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    Mr_David: Sorry, I didn't see your reply earlier. I will try the dye test. However, it seems likely that you are correct and that the leak is at the tube. However, I'm thinking that if the tube is replaced (I hope it is available but possibly not) but the water level keeps rising because the valve does not shut off, that I would then have a leak out the back of the tank out of the relief holes, right ? ie. I'm thinking that if the valve is worn out and won't close, and if the tank ball does it's job, then the excess water will overflow the tank, which will be more of a problem than just dealing with a toilet that is leaking into the bowl. Is my reasoning correct or is there some other overflow mechanism built into this type of toilet ?
    Thanks.
     
  10. Mar 12, 2018 #10

    jughead

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    I tried the dye. The rubber hose is leaking. There are no leaks from the tank ball. Since the tank ball doesn't leak, if I change the rubber hose and it curtails the leak, but the valve does not shut off, it would appear that the tank will then overflow. Accordingly, I guess the answer is to buy the valve assembly.

    Thanks to all for your suggestions and help. Please let me know if anyone out there has any other avenues for me to pursue in lieu of replacing the valve assembly.

    David
     
  11. Mar 12, 2018 #11

    TomFOhio

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    You could make things worse if you try and tare that old fill valve apart. Didn't see any repair kits where I looked at but did see many complete replacements.

    shopping4.jpg
     
  12. Mar 12, 2018 #12

    breplum

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    IMHO Given the age of the toilet and how poorly they always have flushed, I recommend replacing the toilet. Those valve assemblies are not worth working on anymore. Those Toilet flush poorly when they were new and now with mineral and lime scale in the trap way they perform even worse Incrementally every year.
     
    Last edited: Mar 13, 2018
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  13. Mar 13, 2018 #13

    jughead

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    I located what I think could be a refurbishing kit for the valve at Barnett. For anyone out there who may have the same problem, I say that it "could be" the kit because the descriptive information refers to all the correct Kohler numbers, but the customer service guy said that it would not fit. Go figure. When I asked him if the description was wrong, he stated "possibly"; so who am I to believe, him or the technicians that provided the kit description ? Geeez. So I ordered two kits anyway and customer service said that I could return them all, including return postage, if they don't fit. I'm not overly optimistic, but I've got nothing to lose since there are some replacement units out there, but they look rather involved, so I'll try this kit first.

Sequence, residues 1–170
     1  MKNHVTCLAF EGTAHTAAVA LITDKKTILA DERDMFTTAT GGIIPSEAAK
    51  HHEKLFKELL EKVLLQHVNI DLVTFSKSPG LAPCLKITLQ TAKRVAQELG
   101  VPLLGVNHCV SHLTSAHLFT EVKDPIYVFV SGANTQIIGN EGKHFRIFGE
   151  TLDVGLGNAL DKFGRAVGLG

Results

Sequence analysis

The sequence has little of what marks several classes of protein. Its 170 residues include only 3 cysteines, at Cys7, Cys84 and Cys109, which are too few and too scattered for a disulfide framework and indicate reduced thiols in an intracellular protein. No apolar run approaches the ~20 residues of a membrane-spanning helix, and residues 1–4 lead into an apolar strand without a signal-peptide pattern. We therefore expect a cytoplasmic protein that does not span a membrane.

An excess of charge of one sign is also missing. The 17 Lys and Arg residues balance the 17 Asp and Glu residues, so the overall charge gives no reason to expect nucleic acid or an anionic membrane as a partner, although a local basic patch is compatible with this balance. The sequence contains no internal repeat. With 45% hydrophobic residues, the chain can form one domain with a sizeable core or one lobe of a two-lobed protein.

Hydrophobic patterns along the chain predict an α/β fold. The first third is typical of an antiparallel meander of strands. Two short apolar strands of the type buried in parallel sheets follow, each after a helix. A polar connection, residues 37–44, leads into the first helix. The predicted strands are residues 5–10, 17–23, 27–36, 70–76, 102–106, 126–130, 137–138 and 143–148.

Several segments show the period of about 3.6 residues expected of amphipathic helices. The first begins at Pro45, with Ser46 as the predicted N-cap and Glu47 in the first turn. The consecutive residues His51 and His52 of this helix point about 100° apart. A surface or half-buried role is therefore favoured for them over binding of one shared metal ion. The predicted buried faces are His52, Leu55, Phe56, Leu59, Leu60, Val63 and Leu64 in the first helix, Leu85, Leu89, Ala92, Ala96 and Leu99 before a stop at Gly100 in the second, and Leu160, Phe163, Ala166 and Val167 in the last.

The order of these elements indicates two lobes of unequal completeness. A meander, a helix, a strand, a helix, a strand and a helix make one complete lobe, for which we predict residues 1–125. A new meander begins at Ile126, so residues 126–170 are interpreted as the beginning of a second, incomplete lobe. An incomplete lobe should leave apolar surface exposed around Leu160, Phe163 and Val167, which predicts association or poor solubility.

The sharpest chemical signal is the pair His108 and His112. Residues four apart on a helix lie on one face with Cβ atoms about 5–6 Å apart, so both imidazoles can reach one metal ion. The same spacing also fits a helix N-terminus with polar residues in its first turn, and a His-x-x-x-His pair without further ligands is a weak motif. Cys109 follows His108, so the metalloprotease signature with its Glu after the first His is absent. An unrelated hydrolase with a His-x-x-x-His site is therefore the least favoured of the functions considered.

Yes, I could just replace the toilet, but I've had it for about 40 years, and have strangely grown attached to the style of the toilet. I know that sounds really weird, getting attached to a toilet, but I also remember that the toilets cost over $3000.00 each, 40 years ago, and well, you know that feeling (I'm in Hawaii, and nothing comes cheap here). In any case, I'll try to salvage it even though I know it's not the most economical, practical thing to do. Its kinda like owning a classic car that is inefficient, but makes you feel good (well, sort of, it's not really like a classic car, but you get the point).....
    I will follow up and let you know if the kit works. If not, I'll probably opt for a replacement flush valve unit despite the cost.
    Mahalo for everyone's insight and help.
     
  14. Mar 13, 2018 #14

    breplum

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    A Toto Entrada ADA right height elongated costs me $150 from distributor here in N California
     
  15. Mar 13, 2018 #15

    ThatPlumbingGal

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  16. Mar 14, 2018 #16

    jughead

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    YEAAAAA !!!!! I was down at a local plumbing specialty house and they had 2 Kohler KGP 30166 valve kits. I installed one, and now the toilet works perfectly. I just have to make sure that the water level is below the black 3/4" rubber hose. This is the same kit that was ordered from Barnett but has not yet arrived. Thanks to all of you who helped me through this nightmare.
    To the student with the question: I am a former insurance claims adjuster and just retired with over 40 years of experience as a property adjuster and have handled many million + dollar losses. About 85% of all homeowner and commercial property losses are water related from leaking pipes or broken water filters, or deteriorated cast iron pipes that crack; in Hawaii we have huge numbers of condominiums and high rises and all it takes is a leak on the 40th floor to flood 40 floors of condo units and as an independent adjuster, I made a good living at investigating and adjusting these types of cases. Accordingly, I can tell you from much experience, that I would go with copper pipe and rigid water lines to sinks and toilets every time. There is no question but that PEX and all the other types of quick connection units may save time and money in the short run, but prevention of leaks to begin with by using rigid lines will save everyone repair costs and headaches in the long run. No question. The plumber may think that flexible lines are the way to go, but tell that to the widow who has lost all her photographs of her kids and deceased husband when the photos and such are permanently lost; not to mention all the furnishings, floor coverings, cabinets, and the like. One of the worst things ever invented was the steel meshed washing machine hose; it is horrible because there is a rubber hose inside the stainless steel mesh but any homeowner thinks it is indestructible because of the outside appearance; but it's just rubber inside and they bulge and burst constantly. Locally, no one will guarantee this type of hose for more than one year. They give you a false sense of security. Always go with rigid lines.
    In any case, again, thanks to all of you who helped me. I learned a lot.
    Mahalo and Aloha.
    David